Let me make it clear that I think everyone that has participated in this thread is probably serious enough about their photography that they don't fall into the category of someone that it makes no sense for them to buy a dSLR. But I enthusiastically believe that anyone that is looking to improve their photography should not be led to believe that buying a dSLR (or any new piece of gear) will be THE SOLUTION. Working on technique, use of light and color, composition, developing personal style, digital developing, and the long list of many other things (much of which Ambika mentioned in her great list) are what WILL improve any photographer, regardless of what kind of camera they shoot. dSLRs, lenses, filters and all that other stuff are just tools. Give Jack Dykinga from Arizona Highways a point-and-shoot and you'll be amazed what he could do with it. What he does with a dSLR or a 4x5 large format camera will obviously been better, but skill, technique, vision, style, artistry and creativity are what make it awesome. A camera is just a camera.
Last edited by hippiepunkpirate on May 12 2012 9:45 am, edited 1 time in total.
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jochal
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Re: Camera lust

Post by jochal » May 12 2012 9:38 am

@hippiepunkpirate Thanks for the awesome response; I'm probably just being too argumentative. I get that way. I guess I just found that style quote as a little trite. Your response is anything but trite. I think a lot of what you call style, I'm just considering as quality.

I'm an opportunistic shooter; I'll shoot anything if I think it'll increase my ability with the camera. Thats not just because I'm a camera nerd and its fun for me, but because I think some day I'll be able to use that ability in a more meaningful way. I have no idea what that might be, but focusing on pure quality for now is probably a good step (I've got a long way to go, I know). In fact, thats why I started taking pictures of birds--a very convenient scene in nature, with some challenge. When I started, I'm not sure I could identify much more than a few species. Its turned out to be pretty fun, and I've learned a lot about birds, the camera, composition, and the difference between a beaver and a muskrat. I'll probably keep doing it, despite needing a much better lens if I wanted to take it seriously.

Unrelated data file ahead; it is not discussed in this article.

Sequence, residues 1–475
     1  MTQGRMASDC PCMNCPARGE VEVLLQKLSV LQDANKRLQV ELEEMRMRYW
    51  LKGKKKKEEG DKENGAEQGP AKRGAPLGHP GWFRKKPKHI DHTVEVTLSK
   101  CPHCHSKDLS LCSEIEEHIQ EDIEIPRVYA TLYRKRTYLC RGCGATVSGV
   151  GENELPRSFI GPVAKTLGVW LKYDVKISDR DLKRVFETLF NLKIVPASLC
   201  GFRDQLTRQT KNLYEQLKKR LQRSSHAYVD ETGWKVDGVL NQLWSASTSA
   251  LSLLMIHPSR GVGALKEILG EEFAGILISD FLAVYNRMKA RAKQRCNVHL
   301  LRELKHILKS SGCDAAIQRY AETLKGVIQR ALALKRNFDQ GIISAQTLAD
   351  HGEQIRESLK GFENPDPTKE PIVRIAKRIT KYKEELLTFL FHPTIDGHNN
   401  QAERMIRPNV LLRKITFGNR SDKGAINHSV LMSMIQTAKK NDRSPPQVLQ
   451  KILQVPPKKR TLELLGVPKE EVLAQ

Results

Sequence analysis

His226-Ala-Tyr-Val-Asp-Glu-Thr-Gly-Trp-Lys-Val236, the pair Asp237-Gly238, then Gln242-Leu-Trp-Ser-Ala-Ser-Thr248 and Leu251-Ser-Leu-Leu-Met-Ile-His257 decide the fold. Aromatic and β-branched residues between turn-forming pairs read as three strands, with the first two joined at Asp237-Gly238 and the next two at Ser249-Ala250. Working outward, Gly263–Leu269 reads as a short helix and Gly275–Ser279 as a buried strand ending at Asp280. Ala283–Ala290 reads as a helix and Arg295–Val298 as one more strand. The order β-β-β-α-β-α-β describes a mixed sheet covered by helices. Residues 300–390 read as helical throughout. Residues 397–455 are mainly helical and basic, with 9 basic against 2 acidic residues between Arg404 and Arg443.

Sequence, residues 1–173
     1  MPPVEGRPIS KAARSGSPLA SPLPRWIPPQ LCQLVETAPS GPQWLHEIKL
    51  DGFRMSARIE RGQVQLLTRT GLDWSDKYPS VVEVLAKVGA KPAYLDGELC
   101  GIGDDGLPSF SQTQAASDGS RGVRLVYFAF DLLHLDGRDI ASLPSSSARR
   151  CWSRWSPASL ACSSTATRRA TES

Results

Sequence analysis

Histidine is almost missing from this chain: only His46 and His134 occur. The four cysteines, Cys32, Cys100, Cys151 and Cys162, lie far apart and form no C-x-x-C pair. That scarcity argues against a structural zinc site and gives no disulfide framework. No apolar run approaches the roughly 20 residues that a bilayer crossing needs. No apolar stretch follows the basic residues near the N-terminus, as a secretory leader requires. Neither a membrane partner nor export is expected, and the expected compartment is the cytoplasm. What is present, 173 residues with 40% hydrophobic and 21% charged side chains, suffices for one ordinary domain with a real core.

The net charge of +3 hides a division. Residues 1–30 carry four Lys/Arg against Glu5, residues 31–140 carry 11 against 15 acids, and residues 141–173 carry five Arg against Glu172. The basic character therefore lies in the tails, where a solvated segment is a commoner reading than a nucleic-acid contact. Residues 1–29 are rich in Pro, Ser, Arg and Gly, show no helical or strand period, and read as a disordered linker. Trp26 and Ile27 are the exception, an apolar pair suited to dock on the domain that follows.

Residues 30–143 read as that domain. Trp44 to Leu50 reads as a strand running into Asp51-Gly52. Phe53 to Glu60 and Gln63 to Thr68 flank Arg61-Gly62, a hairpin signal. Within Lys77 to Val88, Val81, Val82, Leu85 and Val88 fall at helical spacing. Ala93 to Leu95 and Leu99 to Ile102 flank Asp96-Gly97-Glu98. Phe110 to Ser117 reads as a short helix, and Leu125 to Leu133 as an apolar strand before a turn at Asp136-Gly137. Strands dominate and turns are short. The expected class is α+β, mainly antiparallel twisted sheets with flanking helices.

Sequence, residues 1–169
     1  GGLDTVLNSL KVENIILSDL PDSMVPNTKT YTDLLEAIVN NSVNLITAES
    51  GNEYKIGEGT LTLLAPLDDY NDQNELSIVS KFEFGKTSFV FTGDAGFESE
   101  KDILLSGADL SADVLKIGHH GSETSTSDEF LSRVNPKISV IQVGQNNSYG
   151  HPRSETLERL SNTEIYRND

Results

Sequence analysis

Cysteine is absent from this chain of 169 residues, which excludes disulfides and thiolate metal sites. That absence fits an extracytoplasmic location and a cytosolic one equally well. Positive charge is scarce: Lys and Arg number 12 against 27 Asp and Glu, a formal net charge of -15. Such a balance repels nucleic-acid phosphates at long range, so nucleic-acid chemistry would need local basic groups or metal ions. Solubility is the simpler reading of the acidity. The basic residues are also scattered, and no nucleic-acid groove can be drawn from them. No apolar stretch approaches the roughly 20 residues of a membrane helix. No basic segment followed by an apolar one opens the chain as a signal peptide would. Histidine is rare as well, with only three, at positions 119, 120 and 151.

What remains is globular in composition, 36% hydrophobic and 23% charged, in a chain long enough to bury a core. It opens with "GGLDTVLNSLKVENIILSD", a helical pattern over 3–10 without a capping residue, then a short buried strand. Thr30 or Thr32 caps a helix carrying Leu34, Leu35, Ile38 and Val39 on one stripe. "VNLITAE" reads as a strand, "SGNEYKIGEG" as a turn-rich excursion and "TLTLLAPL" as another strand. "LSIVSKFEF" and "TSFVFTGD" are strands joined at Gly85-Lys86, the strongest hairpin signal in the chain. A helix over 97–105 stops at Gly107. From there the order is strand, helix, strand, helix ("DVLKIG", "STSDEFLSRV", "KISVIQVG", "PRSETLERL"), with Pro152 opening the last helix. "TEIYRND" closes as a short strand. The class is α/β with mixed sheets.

I was being a little glib when I made fun of myself for dragging the slr around; there actually is rhyme and reason to why I do it for little obvious benefit: 1. I want to get used to carrying the weight around. 2. I've noticed my mental facilities and ability to use a camera go into steep decline while hiking. So, I bring it along to try to get more comfortable with it 3. shutter lag of compacts doesn't work well with animals, especially the ones not concentrated in a man made habitat.

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hippiepunkpirate
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Re: Camera lust

Post by hippiepunkpirate » May 12 2012 9:59 am

@jochalI think it's a good thing you are willing to carry your dSLR around during a typical. For one, depending on where you are going, you may run across opportunities that are conductive to great shooting that you were not expecting (e.g. a patch of wildflowers under the shade of a cliff). And then what you mentioned, getting more comfortable with your camera. And even if you are pretty comfortable with your camera, it is just good to "get warmed up" or "get in the zone". It is often good to take a few photos during less-desirable conditions just to get yourself in the right state of mind. You know, get your brain thinking about composition, subjects, and perhaps the most important thing: what is inspiring you. Scouting potential compositions for when the golden hour rolls around is also a good thing (what is called pre-visualization). That's the great thing about digital, if you take a bunch of photos in undesirable light, you can delete them, but in the end, you got yourself in the right mind-set to take great photos when the light gets good :)